Of note, low load exercise with blood flow restriction at a high pressure (i.e., 80% of arterial occlusion pressure) had a greater hypoalgesic response than high load exercise and low load exercise with a low pressure (i.e., 40% of arterial occlusion pressure) at 5 min post exercise. In addition, the exercise-induced hypoalgesic response remained elevated at 24 h post exercise in both blood flow restriction conditions relative to baseline, but not in the high load or low load exercise without blood flow restriction conditions. Based on this finding, the magnitude of exercise-induced hypoalgesia effect appears to be larger when the exercise was performed with blood flow restriction compared with the exact same exercise without blood flow restriction.

Tell Me More - Why does this happen? In short, we don’t know. In long, we can guess. “The most commonly proposed mechanism of exercise-induced hypoalgesia is activation of the endogenous opioid system,” which will surprise no one. This theory has a lot of support and it seems that the increased metabolite production in BFR leads to increased opioid production. There are some other theories though.

The second guess is “high threshold motor unit recruitment.” The theory here is that BFR leads to the recruitment of motor units that wouldn’t normally be recruited at lower levels of exertion and these motor units activate a descending nociceptive inhibition pathway. Interesting.

Lastly, we’ve got two more quick theories. One is that elevated BP from exercise leads to decreased pain perception and the second is that pain decreases pain. e.g. if you hit yourself with a hammer, you won’t notice that you just stepped on a thumbtack. In this case, exercise is the hammer and chronic pain is the thumbtack. All of these theories have studies to back them up and they’re all referenced in the paper, so check out the whole thing for more.

Where is that whole thing? Here. It’s here.

Postpartum Women Run Differently.

The Gist - This is a pilot study, so it’s a pretty small sample size, but it has interesting data about how postpartum women deal with running. They grabbed 5 women who were planning to become pregnant, took lotsa measurements about their running form and style, then got back in touch with them a year or so later. 6 weeks after giving birth, these women had decreased pelvic rotation (-23%), decreased trunk rotation (-20%), decreased cadence (-3 steps/min), increased stance time (+6%), and wider step widths (+44%!). Hip ROM decreased by 3.3° and knee increased by 1.6°. Overall, running mechanics changed a lot postpartum.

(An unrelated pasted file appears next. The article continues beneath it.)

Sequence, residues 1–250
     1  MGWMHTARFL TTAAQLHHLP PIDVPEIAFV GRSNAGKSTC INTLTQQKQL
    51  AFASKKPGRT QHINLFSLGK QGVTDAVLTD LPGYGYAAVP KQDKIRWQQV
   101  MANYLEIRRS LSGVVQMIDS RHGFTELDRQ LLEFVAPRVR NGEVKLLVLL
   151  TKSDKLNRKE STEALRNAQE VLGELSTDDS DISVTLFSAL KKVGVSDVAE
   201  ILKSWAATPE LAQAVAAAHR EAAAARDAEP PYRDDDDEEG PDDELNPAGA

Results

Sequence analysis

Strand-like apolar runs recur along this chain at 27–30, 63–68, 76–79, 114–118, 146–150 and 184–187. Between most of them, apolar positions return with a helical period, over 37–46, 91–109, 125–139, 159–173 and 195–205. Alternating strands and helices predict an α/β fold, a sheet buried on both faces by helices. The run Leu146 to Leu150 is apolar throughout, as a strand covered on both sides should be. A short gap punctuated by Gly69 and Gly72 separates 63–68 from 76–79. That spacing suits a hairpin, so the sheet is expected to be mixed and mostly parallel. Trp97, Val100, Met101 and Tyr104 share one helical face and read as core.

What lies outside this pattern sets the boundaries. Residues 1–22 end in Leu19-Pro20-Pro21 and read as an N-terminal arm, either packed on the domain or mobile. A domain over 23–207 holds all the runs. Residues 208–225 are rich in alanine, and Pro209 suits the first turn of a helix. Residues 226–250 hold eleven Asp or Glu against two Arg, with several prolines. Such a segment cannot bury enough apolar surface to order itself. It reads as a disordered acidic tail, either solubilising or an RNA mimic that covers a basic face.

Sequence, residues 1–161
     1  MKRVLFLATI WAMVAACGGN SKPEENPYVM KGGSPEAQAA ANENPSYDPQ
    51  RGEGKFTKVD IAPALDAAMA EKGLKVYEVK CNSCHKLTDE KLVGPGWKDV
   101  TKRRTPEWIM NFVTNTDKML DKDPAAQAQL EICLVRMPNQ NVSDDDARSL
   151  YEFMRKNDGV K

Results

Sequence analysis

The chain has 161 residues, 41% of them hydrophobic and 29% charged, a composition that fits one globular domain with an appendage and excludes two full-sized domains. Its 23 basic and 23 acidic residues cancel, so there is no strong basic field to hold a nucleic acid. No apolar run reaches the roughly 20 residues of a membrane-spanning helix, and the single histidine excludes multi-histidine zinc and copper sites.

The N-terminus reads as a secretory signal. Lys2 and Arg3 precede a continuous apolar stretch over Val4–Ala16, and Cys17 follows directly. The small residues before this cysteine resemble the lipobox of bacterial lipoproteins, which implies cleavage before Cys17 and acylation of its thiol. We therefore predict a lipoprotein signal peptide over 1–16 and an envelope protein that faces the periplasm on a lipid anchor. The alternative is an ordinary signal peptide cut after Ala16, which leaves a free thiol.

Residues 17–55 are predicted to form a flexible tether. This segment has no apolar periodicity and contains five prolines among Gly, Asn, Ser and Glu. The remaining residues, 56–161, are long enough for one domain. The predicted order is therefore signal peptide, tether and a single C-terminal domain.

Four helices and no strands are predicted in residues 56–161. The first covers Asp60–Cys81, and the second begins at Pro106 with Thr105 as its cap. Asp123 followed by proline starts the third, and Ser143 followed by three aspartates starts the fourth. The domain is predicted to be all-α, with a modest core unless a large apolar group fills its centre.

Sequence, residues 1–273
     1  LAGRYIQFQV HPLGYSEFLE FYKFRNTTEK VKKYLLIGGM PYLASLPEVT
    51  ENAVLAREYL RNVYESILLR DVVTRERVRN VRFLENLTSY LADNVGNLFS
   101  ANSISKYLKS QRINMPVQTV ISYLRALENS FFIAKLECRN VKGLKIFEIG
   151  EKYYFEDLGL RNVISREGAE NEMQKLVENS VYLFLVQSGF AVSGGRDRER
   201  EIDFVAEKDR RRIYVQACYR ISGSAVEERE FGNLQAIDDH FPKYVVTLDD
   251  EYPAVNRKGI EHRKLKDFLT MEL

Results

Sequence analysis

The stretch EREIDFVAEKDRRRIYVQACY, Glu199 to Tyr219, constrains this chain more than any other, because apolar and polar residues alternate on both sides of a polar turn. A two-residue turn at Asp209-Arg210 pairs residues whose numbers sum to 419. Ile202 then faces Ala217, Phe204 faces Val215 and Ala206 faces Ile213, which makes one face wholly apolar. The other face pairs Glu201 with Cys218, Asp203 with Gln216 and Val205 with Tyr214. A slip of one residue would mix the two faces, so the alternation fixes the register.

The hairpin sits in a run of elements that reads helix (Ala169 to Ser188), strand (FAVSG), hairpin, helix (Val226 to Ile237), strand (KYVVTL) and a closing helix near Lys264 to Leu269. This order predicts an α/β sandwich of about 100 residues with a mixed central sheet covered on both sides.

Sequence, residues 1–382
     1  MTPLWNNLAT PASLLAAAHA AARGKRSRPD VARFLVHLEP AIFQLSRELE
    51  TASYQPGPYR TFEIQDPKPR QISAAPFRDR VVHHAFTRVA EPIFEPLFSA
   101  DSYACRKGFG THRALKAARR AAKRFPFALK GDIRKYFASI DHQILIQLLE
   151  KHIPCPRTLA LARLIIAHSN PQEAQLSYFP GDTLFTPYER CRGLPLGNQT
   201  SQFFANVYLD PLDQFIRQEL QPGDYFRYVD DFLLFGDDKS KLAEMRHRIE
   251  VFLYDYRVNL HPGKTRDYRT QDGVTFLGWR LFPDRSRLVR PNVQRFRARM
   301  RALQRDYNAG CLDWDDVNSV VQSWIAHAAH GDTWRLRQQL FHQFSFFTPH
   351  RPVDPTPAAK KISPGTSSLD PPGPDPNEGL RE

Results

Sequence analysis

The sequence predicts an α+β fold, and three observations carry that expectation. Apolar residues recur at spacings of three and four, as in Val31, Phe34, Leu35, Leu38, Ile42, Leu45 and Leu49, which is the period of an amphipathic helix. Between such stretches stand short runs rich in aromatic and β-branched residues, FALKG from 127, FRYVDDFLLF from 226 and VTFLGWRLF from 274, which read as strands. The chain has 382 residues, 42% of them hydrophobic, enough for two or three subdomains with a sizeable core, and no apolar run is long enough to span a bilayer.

Tell Me More - Researchers chalk the changes up to pain and pain-avoidance. At some point in their pregnancies, all the women experienced hip and pelvic pain and the researchers speculate that their running mechanics changed in order to prevent or moderate this pain. Other studies have shown that decreased pelvic rotation can reduce lower back and hip pain, so this could be true. They also speculate that increased ligamentous laxity around the pelvis caused increased muscular work in that area, changing pelvic dynamics. Possibly most importantly, the “results suggest that pelvis and trunk motion does not resolve to pre-pregnancy patterns by the time physicians often clear women to return to running.”

Paper? Indeedy-doody.

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This week’s bibliography:

  • Cardenas, A., Nikolopoulos, M., Musselman, K., & Fehlings, D. (2021). The effect of stationary rehabilitative cycling after lower extremity musculoskeletal surgical procedures on gross motor related activities of daily living, lower extremity pain and body structure and function outcomes: A systematic review. Physical Therapy Reviews, 26(2), 124–138. https://doi.org/10.1080/10833196.2020.1833275
  • Miranda, J. P., Silva, W. T., Silva, H. J., Mascarenhas, R. O., & Oliveira, V. C. (2021). Effectiveness of cryotherapy on pain intensity, swelling, range of motion, function and recurrence in acute ankle sprain: A systematic review of randomized controlled trials. Physical Therapy in Sport, 49, 243–249. https://doi.org/10.1016/j.ptsp.2021.03.011